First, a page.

"The primary driver to the stock over the next 12 to 24 months is going to be the company's earnings leverage to a dramatically improving situation in the steel industry," says Morrison. He expects U.S. Steel to recover from an estimated loss of 25 cents a share in 2002 to a huge profit of $2.60 a share in 2003, and $3.75 in 2004.
His price target is based on an assumption that the stock will trade at 8 times his 2004 estimate. The shares peaked, he says, at a price-earnings ratio of 8.5 when steel prices were much higher in the 1980s.
The prolonged and severe recent downturn in the domestic steel industry sparked a significant shrinkage in supply and capital spending. But now that will prompt a stronger and longer upturn than was seen in recent cycles, says Morrison.
This supply-side changes, he notes, have already allowed steelmakers to raise prices of some products by more than 60% and increase operating rates to 90% -- even without a major recovery in demand. U.S. Steel's leverage in such a case, he explains, is due to a combination: About 60% of its shipments are being sold into the spot markets, and some 50% of its operating costs are fixed, which in a rising-price environment means higher shipments contribute more quickly to the bottom line.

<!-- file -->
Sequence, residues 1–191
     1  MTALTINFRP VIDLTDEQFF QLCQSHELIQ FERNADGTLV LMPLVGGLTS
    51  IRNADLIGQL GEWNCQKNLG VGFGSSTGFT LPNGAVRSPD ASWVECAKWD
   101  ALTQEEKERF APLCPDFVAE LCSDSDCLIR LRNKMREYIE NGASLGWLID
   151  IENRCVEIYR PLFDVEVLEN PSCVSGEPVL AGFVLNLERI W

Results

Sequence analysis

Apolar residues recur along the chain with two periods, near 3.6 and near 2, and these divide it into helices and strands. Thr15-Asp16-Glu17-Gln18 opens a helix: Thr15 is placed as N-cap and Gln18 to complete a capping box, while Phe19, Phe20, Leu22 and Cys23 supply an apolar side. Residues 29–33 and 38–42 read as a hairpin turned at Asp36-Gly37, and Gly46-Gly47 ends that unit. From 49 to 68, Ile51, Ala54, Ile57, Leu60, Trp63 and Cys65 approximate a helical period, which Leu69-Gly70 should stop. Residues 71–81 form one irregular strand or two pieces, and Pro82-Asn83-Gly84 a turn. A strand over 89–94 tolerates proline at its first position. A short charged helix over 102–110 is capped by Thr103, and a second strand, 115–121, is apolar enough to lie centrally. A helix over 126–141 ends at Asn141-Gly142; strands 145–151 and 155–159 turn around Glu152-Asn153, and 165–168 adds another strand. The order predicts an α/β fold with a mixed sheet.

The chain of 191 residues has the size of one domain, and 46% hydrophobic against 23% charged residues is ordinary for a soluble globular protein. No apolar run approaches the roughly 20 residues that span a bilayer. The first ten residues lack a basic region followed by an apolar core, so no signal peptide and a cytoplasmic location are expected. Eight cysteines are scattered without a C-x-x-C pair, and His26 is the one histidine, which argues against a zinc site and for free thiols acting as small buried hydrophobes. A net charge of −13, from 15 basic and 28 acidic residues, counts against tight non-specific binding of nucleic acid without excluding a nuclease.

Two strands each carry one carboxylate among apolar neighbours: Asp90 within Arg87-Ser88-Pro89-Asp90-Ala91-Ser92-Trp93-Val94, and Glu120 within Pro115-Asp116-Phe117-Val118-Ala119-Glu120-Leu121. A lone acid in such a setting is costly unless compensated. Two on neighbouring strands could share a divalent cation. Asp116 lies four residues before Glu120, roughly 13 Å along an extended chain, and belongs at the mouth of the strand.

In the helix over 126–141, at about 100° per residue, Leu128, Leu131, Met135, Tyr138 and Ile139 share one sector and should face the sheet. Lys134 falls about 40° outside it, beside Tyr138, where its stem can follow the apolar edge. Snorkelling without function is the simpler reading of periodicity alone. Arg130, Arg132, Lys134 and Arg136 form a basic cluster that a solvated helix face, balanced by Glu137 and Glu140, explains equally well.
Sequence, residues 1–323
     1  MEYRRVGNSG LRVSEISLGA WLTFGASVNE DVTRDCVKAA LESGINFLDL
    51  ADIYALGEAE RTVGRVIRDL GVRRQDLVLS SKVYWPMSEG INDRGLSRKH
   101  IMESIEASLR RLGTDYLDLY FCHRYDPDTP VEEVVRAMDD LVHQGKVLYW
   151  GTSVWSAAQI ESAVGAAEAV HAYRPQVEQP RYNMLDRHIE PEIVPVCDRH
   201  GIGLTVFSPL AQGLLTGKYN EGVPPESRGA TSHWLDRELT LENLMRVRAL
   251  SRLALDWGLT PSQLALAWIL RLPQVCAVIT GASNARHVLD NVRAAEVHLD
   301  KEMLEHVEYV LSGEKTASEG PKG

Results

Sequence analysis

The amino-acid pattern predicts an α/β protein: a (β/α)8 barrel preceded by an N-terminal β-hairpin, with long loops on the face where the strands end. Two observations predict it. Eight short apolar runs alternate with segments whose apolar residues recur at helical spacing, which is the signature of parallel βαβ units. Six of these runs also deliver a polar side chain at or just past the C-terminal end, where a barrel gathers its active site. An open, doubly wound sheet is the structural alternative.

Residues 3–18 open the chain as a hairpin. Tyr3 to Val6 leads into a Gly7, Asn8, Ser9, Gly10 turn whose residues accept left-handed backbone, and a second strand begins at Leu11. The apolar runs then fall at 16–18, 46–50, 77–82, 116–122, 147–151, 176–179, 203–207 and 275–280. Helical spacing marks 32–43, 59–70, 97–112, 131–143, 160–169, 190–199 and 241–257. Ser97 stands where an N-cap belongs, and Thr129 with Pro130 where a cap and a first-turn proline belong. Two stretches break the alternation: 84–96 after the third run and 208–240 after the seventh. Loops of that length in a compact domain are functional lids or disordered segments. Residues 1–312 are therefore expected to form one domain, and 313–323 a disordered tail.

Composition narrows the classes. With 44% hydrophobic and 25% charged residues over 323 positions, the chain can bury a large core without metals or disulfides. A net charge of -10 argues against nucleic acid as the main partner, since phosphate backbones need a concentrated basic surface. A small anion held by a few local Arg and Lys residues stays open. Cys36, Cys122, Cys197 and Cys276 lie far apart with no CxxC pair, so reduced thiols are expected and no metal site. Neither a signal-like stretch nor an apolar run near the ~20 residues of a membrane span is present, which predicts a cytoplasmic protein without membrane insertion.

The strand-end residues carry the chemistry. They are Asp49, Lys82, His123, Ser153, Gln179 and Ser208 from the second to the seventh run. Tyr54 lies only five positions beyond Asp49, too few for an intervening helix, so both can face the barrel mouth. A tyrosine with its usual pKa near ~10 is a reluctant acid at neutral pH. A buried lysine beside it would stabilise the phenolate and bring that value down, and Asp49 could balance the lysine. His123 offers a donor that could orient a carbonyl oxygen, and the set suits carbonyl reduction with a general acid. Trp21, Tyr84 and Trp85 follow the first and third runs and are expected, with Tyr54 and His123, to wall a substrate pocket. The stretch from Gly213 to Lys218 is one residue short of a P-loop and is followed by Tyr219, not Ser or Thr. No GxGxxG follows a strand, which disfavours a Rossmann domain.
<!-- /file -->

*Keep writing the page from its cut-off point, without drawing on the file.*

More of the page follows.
What could go wrong with this scenario? One would be if demand doesn't shoot up -- in pace with likely capacity increase. Morrison expects some 40% of idled flat-rolled steel capacity to be back on-line by yearend. The other possible risk: Imports are likely to increase starting in late in the third quarter, mainly because of the lure of higher U.S. prices. Plus, President Bush has put steelmakers on notice that he expects them to cut costs and overhaul their businesses or risk losing the tariff protection.
Morrison, however, is convinced that these negatives will be more than offset by a stronger recovery in steel consumption and pricing in 2003. "We expect that about 50% of U.S. Steel's product mix is currently realizing significantly higher prices than prevailed at yearend," says the analyst.
Brandywine's Kuensell says U.S. Steel is reviewing assets that could be sold or spun off. One candidate, he thinks, is its coke and iron upstream business, which produces a relatively lower return. The company has already advertised its coal operation as for sale, he adds. Another possible sale is its transportation (barges) and tubular goods businesses. These could bring in some $2.7 billion, he figures.
With U.S. Steel's debt at only $1 billion -- thanks to the Marathon deal -- and a fully funded pension, U.S. Steel is stronger financially than before the separation from Marathon, says Kuensell. He says U.S. Steel is also talking with Bethlehem and National Steel about possibly buying some of their assets. Kuensell's price target is $30 per share.
With the economy apparently on track in its recovery and basic-industry companies on the rebound, these analysts make a nearly ironclad case for U.S. Steel, at least for now.
Marcial is BusinessWeek's Inside Wall Street columnist